RVIB Nathaniel B. Palmer NBP-1102/S04P Weekly Scientific Report 04, 18 March 2011
from Jim Swift, SIO, Chief Scientist and Alex Orsi, TAMU, Co-Chief Scientist
ca. 76.5°S, 161.1°W 2230 Z (1230 local) -7.8 degC (18 degF)
winds 20 knots from E en route to Mooring Site A and station 067
On our first Thursday, March 17th (see below for explanation) we finished our planned line of stations 525 nautical miles straight south from 67°S (roughly the Antarctic Circle) to the Antarctic continental shelf, stopping every 30 miles to make measurements. This completes for the first time the southern end of a long transect of oceanographic measurements extending from Kodiak Island, Alaska, to Antarctica, known to oceanographers as “line P16″. This also completes a key portion of our intended work on this cruise, though there is a great deal more work to do. Data quality remains excellent, and all systems are working well, except that one of the two lowered Acoustic Doppler Current meters (LADCP) is out of service, limiting LADCP profiles now to downward-looking only.
See the figure, and its caption below, from Alex for a discussion of some of the scientific findings apparent when comparing the 2011 data with those from earlier years. We have all enjoyed the good weather. The last group of 5 closely-spaced stations were carried out in highly varied and increasingly more impressive ice ranging from the smallest newly-formed frazil ice that “greases” the sea surface, to new “pancake ice” of various sizes (very easy going), to first (easy) and multi-year (try to avoid) sea ice, to impressively thick pieces of broken off ice shelf (impossible), to mighty icebergs (likewise). The Palmer’s mates and our expert ice pilot Vladimir Repin enjoy the challenge of guiding the ship through the maze of ice day and night. The Nathaniel B. Palmer’s large bridge has great all-around views and is The Place To Be when one has a bit of time off, though the weather has been so good that some have bundled up and to watch icebreaking from the bow or other points outdoors on the ship. The ice and icebergs provide many photo opportunities and we frequently come across penguins and basking seals.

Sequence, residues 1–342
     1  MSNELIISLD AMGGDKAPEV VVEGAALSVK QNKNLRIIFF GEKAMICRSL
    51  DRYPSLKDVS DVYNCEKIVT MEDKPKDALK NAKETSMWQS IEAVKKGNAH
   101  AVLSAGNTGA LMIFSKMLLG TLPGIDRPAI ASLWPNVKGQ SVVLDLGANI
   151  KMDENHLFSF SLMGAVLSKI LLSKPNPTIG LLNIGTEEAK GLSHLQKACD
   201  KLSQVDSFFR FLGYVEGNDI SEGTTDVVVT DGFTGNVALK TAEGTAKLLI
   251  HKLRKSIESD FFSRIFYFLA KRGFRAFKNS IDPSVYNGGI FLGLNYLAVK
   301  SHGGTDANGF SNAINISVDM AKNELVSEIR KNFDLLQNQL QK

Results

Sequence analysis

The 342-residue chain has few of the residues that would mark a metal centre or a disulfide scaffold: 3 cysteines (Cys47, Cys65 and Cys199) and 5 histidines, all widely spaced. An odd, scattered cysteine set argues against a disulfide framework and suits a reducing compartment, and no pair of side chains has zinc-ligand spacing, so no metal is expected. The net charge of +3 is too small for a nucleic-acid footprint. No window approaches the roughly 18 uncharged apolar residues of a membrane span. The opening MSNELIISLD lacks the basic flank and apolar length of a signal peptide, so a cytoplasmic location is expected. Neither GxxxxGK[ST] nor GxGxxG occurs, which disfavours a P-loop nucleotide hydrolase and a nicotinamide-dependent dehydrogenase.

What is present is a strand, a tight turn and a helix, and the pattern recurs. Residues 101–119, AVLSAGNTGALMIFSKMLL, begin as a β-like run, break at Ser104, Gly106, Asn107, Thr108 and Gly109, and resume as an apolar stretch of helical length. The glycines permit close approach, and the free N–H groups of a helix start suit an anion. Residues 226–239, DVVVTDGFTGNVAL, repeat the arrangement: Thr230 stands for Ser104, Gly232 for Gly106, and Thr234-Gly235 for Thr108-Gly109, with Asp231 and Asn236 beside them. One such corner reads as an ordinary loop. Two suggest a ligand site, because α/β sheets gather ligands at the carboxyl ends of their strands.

We are at the edge of the footprints of both of the geosynchronous INMARSAT satellites (one over the Atlantic equator and the other over the Pacific equator) that provide our primary email communications, so email may continue to be a bit sporadic until we head back north to the S04P line at 67°S. Although we did our date line crossing some time ago we saved our day/date change to celebrate St. Patrick’s Day (Thursday, March 17th) twice on the ship.
Our cruise is now approximately at its half-way point. We are steaming toward the sites where we will recover two strings of moored instruments co-chief scientist Alex Orsi deployed February 2010. We will then resume our CTD work with our third crossing of the Antarctic continental slope. Weather has been good to outstanding most of the past week, and during our few days in the ice all hands enjoyed the wildlife and highly-varied ice. New ice is forming around us, with grease ice consolidating in sheets and pancakes. Meanwhile we motor around magnificent icebergs and slab-like chunks of shelf edge ice.
We continue to enjoy working with our team at sea. This may be a very long cruise but with this team it is a productive and happy one. The entire ship’s company continues to work with expertise, efficiency, and good cheer. All is well aboard the Nathaniel B. Palmer.
We have included Nancy Williams’ photo of an iceberg at sunset and Wilson Mendoza’s photo of a group of Adelie penguins.
Jim and Alex
a) Location map with stations occupied during the 2011 S04P repeat (red) and in previous cruises (blue) of 1992 (WOCE), 2005 (CLIVAR) and 1994 (N.B.
Palmer); b) synoptic vertical section of potential temperature (°C) on CLIVAR S04P 2011; and c) on a multiyear composite from the older
Data from the just completed Antarctic coast-bound transect enclosing the southwestern Pacific Ocean, partly due to unprecedented spatial and temporal resolution, reveal a series of mesoscale to large-scale circulations. A southwestward loop of the Antarctic Circumpolar Current is found across the southern half of the 150°W line. Significantly warmer source Lower Circumpolar Deep Water (LCDW) now enters the interior subpolar
cyclones found around the Balleny Islands and to the south of the Southwest Pacific Ridge. Prominent westward flow associated with the Antarctic Slope Current is revealed just upstream and downstream of the Ross Sea, near Cape Colbeck and Cape Adare. The Antarctic Surface Water (AASW) carried farther inshore has cooled and freshened over time between the repeat hydrography. Evolving characteristics in the LCDW, AASW and Shelf Water mixtures outflowing the Ross Sea are evident in the deep and bottom layers of the S04P line. E.g. on average the AABW recirculating below 3000 m in this region has increased its temperature by about 0.1°C.